Black History Month: Contemporary Black Directors Part 1

Part of working at a university library is accumulating and highlighting diverse creators in our collections. For Black History Month, I didn’t just want to just slap a list of Black Films up on our blog and call it a day. Instead, this will be the first of two posts featuring contemporary Black Directors, and highlighting their films in our collection.

Ava DuVernay

Ava DuVernay is quickly becoming on of the most talked-about directors in Hollywood, and she isn’t shying away from the platform she’s built for herself. After directing the critically lauded Selma, DuVernay went on to direct the Netflix documentary 13th, which, while we don’t own it, is definitely worth a watch. With her 2018 film A Wrinkle in Time, she also became the first black woman to direct a film with a blockbuster budget.

By usbotschaftberlin -
photos/usbotschaftberlin/1631629515, Public Domain,

Most of the DuVernay films we have in our collection are her indie earlier works like I Will Follow and Middle of Nowhere, which are intimate portraits of black women. Likewise, Queen Sugar, though a tv series, follows two black sisters and their brother after they inherit their family’s sugarcane farm. The series, produced by Oprah, was also the first television series to hire women directors for every single episode.

Ava DuVernay films in our collection:

  • Selma (DVD 12221)
  • I Will Follow (DVD 11965)
  • Middle of Nowhere (DVD 12024)
  • Queen Sugar (DVD 14844)

Spike Lee

Spike Lee may be the most prolific director on this list. He’s directed twenty-six feature films since 1983, plus eight short films, twelve documentaries, seven tv shows, nineteen music videos, and three plays, not to mention acting in several of his own movies. Though he’s known as a provocateur in Hollywood, his films chronicle the lives of black Americans, and force movie audiences to confront uncomfortable truths they’d happily avoid.

By David Shankbone – Own work, CC BY 3.0,

After winning the Palm D’Or at the Cannes Film Festival, Lee’s most recent film BlacKkKlansman, is currently nominated for Best Picture, Best Adapted Screenplay, Best Film Editing, and Best Original Score. Lee is nominated in the Best Director category, and Adam Driver for Best Supporting Actor. We’ve ordered a copy for Media Services, but it’s stuck in processing limbo. Hopefully we’ll get it in soon.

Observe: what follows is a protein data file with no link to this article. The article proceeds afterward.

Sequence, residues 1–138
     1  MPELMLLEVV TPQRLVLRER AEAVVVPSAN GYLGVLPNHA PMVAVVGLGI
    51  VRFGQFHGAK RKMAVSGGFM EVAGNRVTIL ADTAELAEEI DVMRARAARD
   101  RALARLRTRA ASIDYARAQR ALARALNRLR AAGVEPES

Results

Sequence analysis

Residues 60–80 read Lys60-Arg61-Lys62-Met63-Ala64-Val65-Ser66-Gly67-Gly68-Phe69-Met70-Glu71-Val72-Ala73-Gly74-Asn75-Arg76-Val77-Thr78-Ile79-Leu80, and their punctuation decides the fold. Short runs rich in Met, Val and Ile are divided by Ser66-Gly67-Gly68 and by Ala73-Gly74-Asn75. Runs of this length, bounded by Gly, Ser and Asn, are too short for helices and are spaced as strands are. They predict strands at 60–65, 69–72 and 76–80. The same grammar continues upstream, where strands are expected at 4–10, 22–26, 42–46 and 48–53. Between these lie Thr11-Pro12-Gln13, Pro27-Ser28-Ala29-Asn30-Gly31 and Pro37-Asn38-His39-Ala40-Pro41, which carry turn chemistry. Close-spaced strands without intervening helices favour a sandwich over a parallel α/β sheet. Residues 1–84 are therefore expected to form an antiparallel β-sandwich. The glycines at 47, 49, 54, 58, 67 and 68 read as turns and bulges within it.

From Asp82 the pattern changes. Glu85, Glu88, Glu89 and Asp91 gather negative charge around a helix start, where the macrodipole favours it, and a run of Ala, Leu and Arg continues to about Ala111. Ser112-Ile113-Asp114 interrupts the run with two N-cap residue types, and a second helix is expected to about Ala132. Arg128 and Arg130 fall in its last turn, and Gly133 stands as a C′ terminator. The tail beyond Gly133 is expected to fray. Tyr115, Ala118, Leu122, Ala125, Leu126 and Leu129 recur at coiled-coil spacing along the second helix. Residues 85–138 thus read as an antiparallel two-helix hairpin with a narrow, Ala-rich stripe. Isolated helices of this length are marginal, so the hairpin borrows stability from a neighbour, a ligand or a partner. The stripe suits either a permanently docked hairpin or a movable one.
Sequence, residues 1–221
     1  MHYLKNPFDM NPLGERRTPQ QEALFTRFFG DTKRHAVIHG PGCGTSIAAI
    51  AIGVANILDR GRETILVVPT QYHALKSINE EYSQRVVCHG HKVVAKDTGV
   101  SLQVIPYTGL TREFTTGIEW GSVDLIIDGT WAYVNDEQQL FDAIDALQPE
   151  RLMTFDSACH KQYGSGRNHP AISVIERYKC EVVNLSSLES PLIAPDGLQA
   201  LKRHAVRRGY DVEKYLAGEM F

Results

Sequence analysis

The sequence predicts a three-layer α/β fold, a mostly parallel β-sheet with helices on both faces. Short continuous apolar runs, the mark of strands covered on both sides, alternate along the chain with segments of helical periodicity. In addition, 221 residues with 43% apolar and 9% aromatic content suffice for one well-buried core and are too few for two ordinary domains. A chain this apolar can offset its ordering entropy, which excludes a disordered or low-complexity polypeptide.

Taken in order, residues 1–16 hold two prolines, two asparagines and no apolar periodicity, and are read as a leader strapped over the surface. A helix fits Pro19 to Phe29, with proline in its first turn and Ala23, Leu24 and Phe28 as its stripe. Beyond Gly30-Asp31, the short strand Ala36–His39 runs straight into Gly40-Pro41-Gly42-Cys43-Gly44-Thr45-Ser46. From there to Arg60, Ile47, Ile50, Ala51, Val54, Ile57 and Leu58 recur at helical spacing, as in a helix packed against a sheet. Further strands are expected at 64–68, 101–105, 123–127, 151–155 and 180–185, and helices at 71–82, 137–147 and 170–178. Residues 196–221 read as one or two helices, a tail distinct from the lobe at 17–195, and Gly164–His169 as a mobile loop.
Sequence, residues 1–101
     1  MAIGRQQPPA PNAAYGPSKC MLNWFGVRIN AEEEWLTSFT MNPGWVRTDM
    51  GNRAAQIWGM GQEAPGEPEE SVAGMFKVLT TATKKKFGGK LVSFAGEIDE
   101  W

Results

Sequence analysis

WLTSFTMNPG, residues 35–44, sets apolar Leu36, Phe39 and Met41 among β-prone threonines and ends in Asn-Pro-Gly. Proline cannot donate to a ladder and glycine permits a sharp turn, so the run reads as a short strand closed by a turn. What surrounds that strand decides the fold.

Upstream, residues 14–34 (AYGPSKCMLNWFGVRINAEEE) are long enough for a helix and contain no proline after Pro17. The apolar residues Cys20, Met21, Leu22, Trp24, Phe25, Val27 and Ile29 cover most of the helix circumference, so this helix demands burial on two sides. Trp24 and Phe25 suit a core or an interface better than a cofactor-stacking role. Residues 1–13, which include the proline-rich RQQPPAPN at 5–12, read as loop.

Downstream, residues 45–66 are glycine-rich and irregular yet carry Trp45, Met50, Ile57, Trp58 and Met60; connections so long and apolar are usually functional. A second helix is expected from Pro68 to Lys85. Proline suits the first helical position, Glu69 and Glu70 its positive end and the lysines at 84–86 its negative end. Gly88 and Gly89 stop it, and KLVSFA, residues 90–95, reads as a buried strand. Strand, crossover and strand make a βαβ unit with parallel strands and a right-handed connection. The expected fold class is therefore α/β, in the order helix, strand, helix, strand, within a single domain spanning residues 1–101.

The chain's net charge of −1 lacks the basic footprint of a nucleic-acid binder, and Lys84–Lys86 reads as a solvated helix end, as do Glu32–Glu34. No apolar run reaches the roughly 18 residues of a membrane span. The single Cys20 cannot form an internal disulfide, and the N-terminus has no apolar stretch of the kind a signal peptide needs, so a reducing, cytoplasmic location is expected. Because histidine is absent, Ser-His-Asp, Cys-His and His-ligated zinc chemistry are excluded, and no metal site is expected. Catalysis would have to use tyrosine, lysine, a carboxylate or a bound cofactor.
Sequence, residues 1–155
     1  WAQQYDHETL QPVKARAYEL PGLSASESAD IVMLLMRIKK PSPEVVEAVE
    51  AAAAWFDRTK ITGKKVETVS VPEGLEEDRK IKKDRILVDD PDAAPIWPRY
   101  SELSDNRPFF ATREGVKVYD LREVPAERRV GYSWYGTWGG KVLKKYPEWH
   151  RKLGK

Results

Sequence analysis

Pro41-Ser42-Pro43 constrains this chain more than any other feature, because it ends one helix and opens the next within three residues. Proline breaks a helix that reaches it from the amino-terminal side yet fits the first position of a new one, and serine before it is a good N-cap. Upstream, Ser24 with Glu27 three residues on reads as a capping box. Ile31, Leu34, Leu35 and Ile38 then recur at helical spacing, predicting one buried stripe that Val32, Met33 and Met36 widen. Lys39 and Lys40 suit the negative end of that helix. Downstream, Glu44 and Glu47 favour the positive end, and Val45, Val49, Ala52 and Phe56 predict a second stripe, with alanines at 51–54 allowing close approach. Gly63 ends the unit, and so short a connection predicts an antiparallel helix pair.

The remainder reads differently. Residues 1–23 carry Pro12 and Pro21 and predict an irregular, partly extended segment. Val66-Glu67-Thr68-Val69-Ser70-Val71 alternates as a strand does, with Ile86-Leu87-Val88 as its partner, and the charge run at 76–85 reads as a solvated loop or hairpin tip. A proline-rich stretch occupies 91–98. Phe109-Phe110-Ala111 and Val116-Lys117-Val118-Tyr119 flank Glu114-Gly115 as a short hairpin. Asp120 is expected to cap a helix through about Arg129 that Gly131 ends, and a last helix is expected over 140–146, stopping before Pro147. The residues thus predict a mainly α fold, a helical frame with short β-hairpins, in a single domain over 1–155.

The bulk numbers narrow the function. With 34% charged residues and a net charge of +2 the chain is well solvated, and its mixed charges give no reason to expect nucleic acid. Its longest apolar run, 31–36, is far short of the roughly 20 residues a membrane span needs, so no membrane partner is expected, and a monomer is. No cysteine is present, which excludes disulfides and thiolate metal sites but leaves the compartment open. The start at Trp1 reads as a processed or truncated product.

A (Selected) List of Spike Lee’s films in our collection:

  • Miracle at St. Anna (DVD 11290)
  • Do the Right Thing (DVD 38)
  • She’s Gotta Have It (DVD 4008)
  • Red Hook Summer (DVD 10904)
  • Malcolm X (DVD 165)
  • Jungle Fever (DVD 1153)
  • Clockers (DVD 162)
  • 4 Little Girls (DVD 1888)
  • When the Levees Broke: A Requiem in Four Acts (DVD 8531)

Amma Asante

Amma Asante is a British-Ghanaian director most famous for her film Belle, a sumptuous period drama that chronicles the life of Dido Elizabeth Belle. Dido was the illegitimate daughter of Maria Belle, an enslaved African woman, and Sir John Lindsay, a British Naval Officer. While Dido was born a slave, her father eventually took her back to England, where he entrusted her to his uncle, the Earl of Mansfield and Lord Chief Justice. Belle follows Dido while she navigates racist English society, her own family’s assumptions, and the burgeoning abolitionist movement.

By MiamiFilmFestival, cc-by-sa-2.0

Although Asante has only directed four films, she’s definitely a director to watch. In addition to Belle, she directed A United Kingdom, which starred David Oyelowo and Rosamund Pike, and Where Hands Touch, which starred Amandla Stenberg.

Amma Asante films in our collection:

  • Belle (DVD 12617)
  • A United Kingdom (Streaming through InfoBase)

Ryan Coogler

Ryan Coogler burst onto the scene with his first feature film Fruitvale Station at the ripe old age of twenty-seven. Fruitvale Station, tells the story of Oscar Grant’s last 24 hours, and stars Michael B. Jordan. Oscar Grant was murdered by Bay Area Rapid Transit (BART) police officers at the Fruitvale BART station in 2009, and his death sparked protests in the Bay Area and beyond. Coogler tackled this tough subject for his debut film, which won awards everywhere from Sundance to Cannes.

By Gage Skidmore from Peoria, AZ, United States of America – Ryan Coogler, CC BY-SA 2.0,

Coogler followed up Fruitvale Station with Creed, a Rocky spin-off that he co-wrote as well as directed, and which starred Michael B. Jordan. This film drew audiences and pleased critics, so it wasn’t a huge surprise when Marvel offered him Black Panther. Again, Coogler co-wrote the script… and got Michael B. Jordan to star as Eric Kilmonger, the rival for the Wakandan throne. Despite its February release date, Black Panther is the highest grossing film directed by an African-American, and the fifth largest opening weekend box office take of all time. It’s also just a straight up spectacular film, and if you haven’t seen it, you need to correct that immediately. We have THREE copies here at Media Services, so you don’t have any excuse. I’ll even give you the call number: DVD 16090. All you have to do is walk up to the desk and ask for it.

Ryan Coogler films in our collection:

  • Fruitvale Station (DVD 11125)
  • Black Panther (DVD 16090)
  • Creed (DVD 13127)
Posted in Black History Month, Directors.